Likewise too parsimonious is Hazony's implication that that there was one, and only one, Zionist leader after Herzl's death who was a man of ideas—David Ben-Gurion, the first prime minister of Israel. Yes, Ben-Gurion was indeed a great Zionist leader, but he was not Israel's "only commanding advocate and theorist." (P. 334). In contrast, Hazony belittles that that other great Zionist leader, Chaim Weizmann, as just "an industrial chemist—which is to say that, to put it kindly, he was no great thinker." (p. 166) Indeed, Hazony dismisses all prime ministers since Ben-Gurion as "[not] idea makers of any significance." (p. 328). He regards as a Zionist tragedy the ending of Ben-Gurion's political career in the mid-1950s, leaving Israel barren of ideas and vulnerable to anti-Zionist intellectuals like Buber and his disciples. This reads Israeli history too narrowly.
Nor is this the only problem with The Jewish State. Second, Hazony hardly discusses to what extent, if any, post-nationalist thought in Israel had roots in other political developments, such as Israel's occupation of the West Bank and the moral dilemmas that resulted from it. Israel's 1967 victory and the fact that it came to rule another people caused many in Israel—particularly in the left-wing of the Zionist camp—to question the morality behind the actions of the Jewish state. Sometimes their criticisms crossed the line into what could be considered post-Zionism. Hazony ignores this as a factor contributing to the crisis of nationalism in Israel today. Indeed, his work largely disregards the influence of the nation's security dilemmas on its intellectuals and searches for the root-causes of post-Zionism almost exclusively in intellectual history.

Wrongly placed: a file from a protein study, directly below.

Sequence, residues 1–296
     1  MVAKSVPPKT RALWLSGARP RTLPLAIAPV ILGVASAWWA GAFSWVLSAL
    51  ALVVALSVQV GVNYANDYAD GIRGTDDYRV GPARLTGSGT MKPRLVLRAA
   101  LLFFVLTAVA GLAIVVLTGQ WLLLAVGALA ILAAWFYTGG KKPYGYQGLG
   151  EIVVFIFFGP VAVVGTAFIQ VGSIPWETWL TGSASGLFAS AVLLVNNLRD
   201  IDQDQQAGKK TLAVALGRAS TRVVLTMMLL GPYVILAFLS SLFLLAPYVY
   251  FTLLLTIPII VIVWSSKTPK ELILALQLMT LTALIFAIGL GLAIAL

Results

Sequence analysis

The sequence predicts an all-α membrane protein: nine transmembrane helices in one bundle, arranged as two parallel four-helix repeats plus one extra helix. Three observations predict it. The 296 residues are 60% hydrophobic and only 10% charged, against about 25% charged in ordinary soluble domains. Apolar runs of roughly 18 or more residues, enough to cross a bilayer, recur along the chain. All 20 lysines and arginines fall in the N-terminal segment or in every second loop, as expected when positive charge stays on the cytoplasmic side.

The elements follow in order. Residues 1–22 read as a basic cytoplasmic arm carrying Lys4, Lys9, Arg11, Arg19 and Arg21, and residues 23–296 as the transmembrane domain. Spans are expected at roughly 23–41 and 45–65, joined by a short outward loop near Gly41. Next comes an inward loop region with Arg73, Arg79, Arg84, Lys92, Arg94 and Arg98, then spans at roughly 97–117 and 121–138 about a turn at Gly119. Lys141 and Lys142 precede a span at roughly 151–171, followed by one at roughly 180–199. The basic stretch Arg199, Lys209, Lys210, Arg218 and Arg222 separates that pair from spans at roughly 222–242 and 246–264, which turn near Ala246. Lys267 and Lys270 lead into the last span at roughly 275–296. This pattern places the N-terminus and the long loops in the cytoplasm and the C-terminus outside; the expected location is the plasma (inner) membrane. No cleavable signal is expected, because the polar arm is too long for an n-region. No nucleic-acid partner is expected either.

Third, Hazony attributes the rise of post-Zionism wholly to intellectuals outside the Zionist camp and does not see any weakness within the socialist-Zionism of Israel's founding fathers that might have contributed to the growth of anti-nationalist sentiments. In fact, Labor Zionism contained anti-nationalist seeds that later developed into post-Zionism. It pointed away from, and tended to contradict, national attachments, instead preferring the international fraternity of all men, and even a potential withering away of the state.
Fourth, Hazony dismisses as uninteresting the intense disputes between the Zionist Left and its Right, both because in his view the differences were not great and because "neither movement believed much in the power of ideas." This view would also seem not to be compatible with the author's belief in the power of ideas; and, by applying this approach to intramural Zionist disputes in the 1920s and 1930s, he misses an important aspect of Zionism and a source of today's post-Zionism.
Fifth, Hazony does not clearly define post-Zionism, even though that is the central object of his inquiry. The reader is left to wonder whether the term refers to anti-nationalism, anti-Judaism, or more generally to the beliefs of the Israeli Left. Thus, the chapters that describe post-Zionism as a broad cultural trend discuss not only self-proclaimed post-Zionist writers, but also leading left-wing (though not necessarily post-Zionist) intellectuals, the justices of the Israeli Supreme Court, leading artists, and more. This approach leads Hazony to overlook or not address the schism developing on the Left between Zionists and post-Zionists. The former minister of education Amnon Rubinstein and the author Aharon Megged are just two vocal examples of leftist opponents of post-Zionism.
Despite these weaknesses, Hazony's book is a must-read for any student of Zionism and Israel. He is one of only a handful of writers (including Ephraim Karsh and Anita Shapira) who challenge the post-Zionists. He has also challenged those who would defend Zionism in the intellectual realm: Choose a part of this large problem and start writing, or we all may not have much of a Jewish state to write about.
Meyrav Wurmser, executive director of the Middle East Media Research Institute, is the author of The Schools of Ba'athism--A Study of Syrian Schoolbooks (Middle East Media Research Institute, 2000).
Related Topics: Israel | Meyrav Wurmser | June 2000 MEQ